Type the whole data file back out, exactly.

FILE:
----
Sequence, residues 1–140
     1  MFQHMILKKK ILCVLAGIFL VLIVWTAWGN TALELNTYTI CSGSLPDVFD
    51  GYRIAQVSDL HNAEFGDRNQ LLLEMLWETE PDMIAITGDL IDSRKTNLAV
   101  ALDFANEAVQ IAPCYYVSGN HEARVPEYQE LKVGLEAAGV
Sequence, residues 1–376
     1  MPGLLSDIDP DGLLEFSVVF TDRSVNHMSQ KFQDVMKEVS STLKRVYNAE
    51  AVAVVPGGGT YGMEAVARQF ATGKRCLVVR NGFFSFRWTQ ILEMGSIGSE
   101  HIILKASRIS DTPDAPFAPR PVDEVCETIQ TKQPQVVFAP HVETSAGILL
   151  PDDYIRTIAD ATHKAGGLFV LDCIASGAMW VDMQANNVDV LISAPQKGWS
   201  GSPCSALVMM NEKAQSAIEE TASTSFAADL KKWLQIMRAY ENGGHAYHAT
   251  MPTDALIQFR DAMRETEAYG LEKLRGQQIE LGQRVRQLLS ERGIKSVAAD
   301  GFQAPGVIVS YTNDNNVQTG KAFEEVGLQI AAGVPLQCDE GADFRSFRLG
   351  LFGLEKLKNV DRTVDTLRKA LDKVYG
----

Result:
Sequence, residues 1–140
     1  MFQHMILKKK ILCVLAGIFL VLIVWTAWGN TALELNTYTI CSGSLPDVFD
    51  GYRIAQVSDL HNAEFGDRNQ LLLEMLWETE PDMIAITGDL IDSRKTNLAV
   101  ALDFANEAVQ IAPCYYVSGN HEARVPEYQE LKVGLEAAGV
Sequence, residues 1–376
     1  MPGLLSDIDP DGLLEFSVVF TDRSVNHMSQ KFQDVMKEVS STLKRVYNAE
    51  AVAVVPGGGT YGMEAVARQF ATGKRCLVVR NGFFSFRWTQ ILEMGSIGSE
   101  HIILKASRIS DTPDAPFAPR PVDEVCETIQ TKQPQVVFAP HVETSAGILL
   151  PDDYIRTIAD ATHKAGGLFV LDCIASGAMW VDMQANNVDV LISAPQKGWS
   201  GSPCSALVMM NEKAQSAIEE TASTSFAADL KKWLQIMRAY ENGGHAYHAT
   251  MPTDALIQFR DAMRETEAYG LEKLRGQQIE LGQRVRQLLS ERGIKSVAAD
   301  GFQAPGVIVS YTNDNNVQTG KAFEEVGLQI AAGVPLQCDE GADFRSFRLG
   351  LFGLEKLKNV DRTVDTLRKA LDKVYG